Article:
Types of neurofibromatosis


Neurofibromatosis is the general name for a group of complex genetic disorders that can lead to various medical conditions and cause tumors to develop and grow anywhere in the nervous system. Tumors, usually benign (non-cancerous), can grow in the brain, along the spinal cord and on or near nerves anywhere in the body, including the skin surface. The condition is divided into three main types, each with symptoms and signs, although some symptoms may be present in more than one type. In addition to the three main categories, there are several rarer types of neurofibromatosis and other similar yet distinct genetic disorders.

The severity of neurofibromatosis can vary from person to person, and different symptoms can be present even among family members with the same type of NF. Different organ systems may be affected, as well. Here are the three main types of this genetic disorder:

What is NF Type 1 (Neurofibromatosis Type I or NF Type One)?

The most common form of neurofibromatosis, NF type 1, is typically diagnosed in childhood before age 10. Sometimes, symptoms are present at birth or are noticed shortly after. Children are born with neurofibromatosis type 1, and symptoms may develop gradually over several years. There are typical signs and symptoms that vary in severity and may include:

  • Café au Lait Spots – Flat birthmarks darker than the surrounding skin color
  • Freckles in the Groin or Armpits – May appear in clusters by ages 3 to 5
  • Neurofibroma Growths on or Under the Skin – Bumps may increase in number and size as a child ages. They are typically benign but are associated with a rare cancer and must be evaluated regularly
  • Small Growths on the Iris Called Lisch Nodules – Harmless and generally do not affect vision
  • Bone Deformities – Scoliosis or bowed legs from bone density deficiencies
  • Optic Tumors – Usually occur by age 3
  • Larger Head Size – Due to increased brain volume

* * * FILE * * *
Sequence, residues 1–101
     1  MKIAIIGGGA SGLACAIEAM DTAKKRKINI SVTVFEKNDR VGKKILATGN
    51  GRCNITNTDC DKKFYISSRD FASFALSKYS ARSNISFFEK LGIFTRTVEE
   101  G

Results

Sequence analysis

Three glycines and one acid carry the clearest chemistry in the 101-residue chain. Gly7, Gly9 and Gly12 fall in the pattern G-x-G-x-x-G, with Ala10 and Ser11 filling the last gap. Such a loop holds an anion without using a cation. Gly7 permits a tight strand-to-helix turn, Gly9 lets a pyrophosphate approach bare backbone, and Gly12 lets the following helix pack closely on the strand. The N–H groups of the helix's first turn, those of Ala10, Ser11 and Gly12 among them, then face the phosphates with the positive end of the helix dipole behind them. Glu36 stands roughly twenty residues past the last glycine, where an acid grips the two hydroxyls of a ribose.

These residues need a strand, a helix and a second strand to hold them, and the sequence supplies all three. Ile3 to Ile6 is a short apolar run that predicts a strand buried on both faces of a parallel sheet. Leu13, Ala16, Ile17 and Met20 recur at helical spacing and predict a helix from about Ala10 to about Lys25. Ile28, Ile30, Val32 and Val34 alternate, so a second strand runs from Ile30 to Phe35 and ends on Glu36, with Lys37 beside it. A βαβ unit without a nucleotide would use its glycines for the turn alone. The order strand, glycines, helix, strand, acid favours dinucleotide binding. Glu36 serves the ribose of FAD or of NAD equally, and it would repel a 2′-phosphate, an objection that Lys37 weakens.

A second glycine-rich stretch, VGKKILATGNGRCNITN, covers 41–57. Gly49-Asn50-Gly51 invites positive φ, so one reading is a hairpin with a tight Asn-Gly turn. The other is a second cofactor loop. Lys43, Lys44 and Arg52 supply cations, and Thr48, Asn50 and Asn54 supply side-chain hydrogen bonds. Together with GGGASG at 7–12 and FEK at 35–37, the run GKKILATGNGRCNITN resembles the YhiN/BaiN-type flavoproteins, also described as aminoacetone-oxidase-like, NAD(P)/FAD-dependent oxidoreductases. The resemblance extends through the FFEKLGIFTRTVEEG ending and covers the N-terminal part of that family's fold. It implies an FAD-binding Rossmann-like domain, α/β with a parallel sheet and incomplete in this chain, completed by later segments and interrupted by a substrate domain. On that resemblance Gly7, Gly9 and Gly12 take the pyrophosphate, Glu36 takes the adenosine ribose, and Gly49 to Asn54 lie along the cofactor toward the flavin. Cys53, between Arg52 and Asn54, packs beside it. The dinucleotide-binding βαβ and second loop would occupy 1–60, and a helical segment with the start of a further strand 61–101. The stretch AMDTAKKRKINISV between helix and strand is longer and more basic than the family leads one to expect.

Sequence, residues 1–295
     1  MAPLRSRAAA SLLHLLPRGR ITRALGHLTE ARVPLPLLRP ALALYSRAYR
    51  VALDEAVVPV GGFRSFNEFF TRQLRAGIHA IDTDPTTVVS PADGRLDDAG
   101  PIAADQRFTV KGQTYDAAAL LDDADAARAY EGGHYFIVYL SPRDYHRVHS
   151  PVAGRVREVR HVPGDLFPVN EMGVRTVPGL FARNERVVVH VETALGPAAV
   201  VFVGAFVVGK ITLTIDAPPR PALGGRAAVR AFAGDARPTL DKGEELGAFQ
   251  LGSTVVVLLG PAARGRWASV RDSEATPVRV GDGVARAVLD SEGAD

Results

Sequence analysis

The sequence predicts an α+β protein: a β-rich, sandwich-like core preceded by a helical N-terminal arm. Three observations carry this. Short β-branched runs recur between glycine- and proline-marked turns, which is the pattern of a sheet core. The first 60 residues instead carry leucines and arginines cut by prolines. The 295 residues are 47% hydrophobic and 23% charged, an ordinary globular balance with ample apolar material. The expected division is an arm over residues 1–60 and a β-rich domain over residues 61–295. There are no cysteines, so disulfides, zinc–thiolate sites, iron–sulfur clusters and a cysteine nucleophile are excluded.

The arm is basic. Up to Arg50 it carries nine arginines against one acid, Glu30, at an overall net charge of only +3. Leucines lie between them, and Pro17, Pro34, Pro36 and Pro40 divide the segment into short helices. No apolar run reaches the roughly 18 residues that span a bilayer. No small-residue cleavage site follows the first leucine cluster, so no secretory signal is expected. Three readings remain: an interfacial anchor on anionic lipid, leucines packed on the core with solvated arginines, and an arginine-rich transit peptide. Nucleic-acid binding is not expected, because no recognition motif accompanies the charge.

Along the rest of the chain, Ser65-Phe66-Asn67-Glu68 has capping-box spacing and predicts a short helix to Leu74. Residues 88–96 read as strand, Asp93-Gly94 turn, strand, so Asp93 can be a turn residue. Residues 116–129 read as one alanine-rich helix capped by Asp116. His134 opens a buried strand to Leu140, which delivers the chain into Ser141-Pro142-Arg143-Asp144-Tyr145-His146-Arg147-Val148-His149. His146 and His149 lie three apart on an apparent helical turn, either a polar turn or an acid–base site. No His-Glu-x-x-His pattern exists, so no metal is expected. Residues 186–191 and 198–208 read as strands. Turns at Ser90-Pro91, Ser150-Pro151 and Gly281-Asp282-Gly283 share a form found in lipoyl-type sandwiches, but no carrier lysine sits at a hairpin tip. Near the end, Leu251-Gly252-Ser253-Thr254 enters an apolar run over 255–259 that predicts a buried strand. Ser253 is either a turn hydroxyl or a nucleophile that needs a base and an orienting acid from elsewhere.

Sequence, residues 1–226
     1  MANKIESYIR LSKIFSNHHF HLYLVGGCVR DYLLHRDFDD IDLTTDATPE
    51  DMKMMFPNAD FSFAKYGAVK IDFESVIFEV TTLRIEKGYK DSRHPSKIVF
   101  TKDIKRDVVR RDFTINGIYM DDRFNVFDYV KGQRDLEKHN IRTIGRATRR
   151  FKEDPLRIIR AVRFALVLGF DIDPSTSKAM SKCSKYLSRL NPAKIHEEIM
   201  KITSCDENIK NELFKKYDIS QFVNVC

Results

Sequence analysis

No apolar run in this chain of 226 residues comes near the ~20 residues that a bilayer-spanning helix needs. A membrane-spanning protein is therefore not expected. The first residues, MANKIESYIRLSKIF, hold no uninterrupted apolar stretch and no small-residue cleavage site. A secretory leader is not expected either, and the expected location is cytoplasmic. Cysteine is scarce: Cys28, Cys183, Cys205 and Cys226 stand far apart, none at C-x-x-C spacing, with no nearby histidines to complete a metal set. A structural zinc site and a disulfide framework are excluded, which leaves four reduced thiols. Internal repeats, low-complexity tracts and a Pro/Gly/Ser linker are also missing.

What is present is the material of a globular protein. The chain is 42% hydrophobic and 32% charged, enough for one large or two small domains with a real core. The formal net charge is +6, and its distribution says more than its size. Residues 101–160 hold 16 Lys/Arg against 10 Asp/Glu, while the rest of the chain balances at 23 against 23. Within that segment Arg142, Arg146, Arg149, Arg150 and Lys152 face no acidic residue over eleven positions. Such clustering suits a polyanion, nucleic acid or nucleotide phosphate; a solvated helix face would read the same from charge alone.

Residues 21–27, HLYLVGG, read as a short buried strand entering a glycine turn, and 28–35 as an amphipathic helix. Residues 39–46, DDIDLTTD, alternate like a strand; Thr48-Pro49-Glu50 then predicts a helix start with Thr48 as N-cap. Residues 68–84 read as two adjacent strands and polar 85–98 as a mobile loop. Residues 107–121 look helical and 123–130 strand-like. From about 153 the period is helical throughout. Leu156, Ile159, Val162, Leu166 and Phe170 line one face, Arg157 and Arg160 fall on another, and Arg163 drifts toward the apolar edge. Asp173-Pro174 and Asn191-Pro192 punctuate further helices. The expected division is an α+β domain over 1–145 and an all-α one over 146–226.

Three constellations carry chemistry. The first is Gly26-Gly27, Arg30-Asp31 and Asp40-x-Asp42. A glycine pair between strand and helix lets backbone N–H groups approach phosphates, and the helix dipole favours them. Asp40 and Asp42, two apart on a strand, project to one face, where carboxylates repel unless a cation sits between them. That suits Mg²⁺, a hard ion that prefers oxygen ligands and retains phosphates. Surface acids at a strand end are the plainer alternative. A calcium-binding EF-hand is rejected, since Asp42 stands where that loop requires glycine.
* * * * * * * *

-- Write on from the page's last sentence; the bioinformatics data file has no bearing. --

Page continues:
• Learning Disabilities – Mild impaired thinking skills, ADHD or speech delays
  • Short Stature – Children with NF type 1 are often below average in height
  • Increased Risk of Breast Cancer – Women with NF type 1 should be screened earlier and should remind their physicians of this increased risk in women under age 50
  • Hypertension – High blood pressure resulting from tumors on the adrenal glands or narrowing of the renal arteries. Patients with NF type 1 should have regular blood pressure monitoring

What is NF 2 (Neurofibromatosis Type II or NF Type 2)?

NF 2 is much less common than NF 1. The symptoms of this genetic condition typically appear in the late teen or early adult years. It is caused by an inherited gene defect or a spontaneously mutated gene. Neurofibromatosis type 2 may sometimes show symptoms at birth, in which case further tests and interventions are recommended. It is important to note that blood tests for NF 2 are not always reliable due to the variety of genes that may be affected in spontaneous mutation cases.

Patients may initially seek treatment for hearing problems in both ears, which leads to diagnoses or testing for neurofibromatosis. These hearing and other issues are sometimes caused by benign tumors (acoustic neuromas or vestibular schwannomas) growing on the hearing, balance and other nerves in the brain. There is currently no cure for NF 2. Treatment involves monitoring and treating problems that may occur. Other symptoms of NF 2 include:

  • Gradual Hearing Loss
  • Tinnitus (Ringing or Buzzing in the Ears)
  • Balance Issues
  • Numbness In Arms and Legs
  • Headaches
  • Facial Drooping
  • Cataracts or Vision Problems
  • Seizures
  • Growth of Tumors Along Other Nerves

Mosaic NF 2

One-third of patients with NF 2 have a form of the disease called mosaic NF 2. The symptoms and signs of this form are milder and typically located in one area or on one side of the body. Also, these patients have a lower risk of having children with NF 2.

What is Schwannomatosis (Neurofibromatosis Type 3 or NF3)?

Schwannomatosis, sometimes called neurofibromatosis type 3 or NF 3, is the rarest of the three main types of neurofibromatosis and was identified in the 1990s. Typically diagnosed in early adulthood after age 20, it is a complex and distinct genetic disorder that causes tumors to develop on spinal, cranial and peripheral nerves. NF 3 does not have a clear inheritance pattern and usually develops in patients without a family history of the condition.

For some patients, pain is the only symptom of the disease. Unlike NF 2, neurofibromatosis type 3 rarely forms on the nerve that carries balance and sound information to the brain and usually doesn’t grow on both hearing nerves. Therefore, Schwannomatosis patients typically don’t have the same hearing loss as NF 2 patients. Symptoms include:

  • Chronic Pain – Anywhere on the body and sometimes disabling
  • Muscle Weakness and Numbness – Anywhere on the body
  • Multiple Schwannomas – Nerve sheath tumors
  • Abnormal Nerve Sensations – Caused by tumors pressing on nerves or damaged nerves

Dr. Weinberg is a neurofibromatosis skin expert. Please get in touch with our office to schedule a consultation for the treatment of skin tumors and related conditions.

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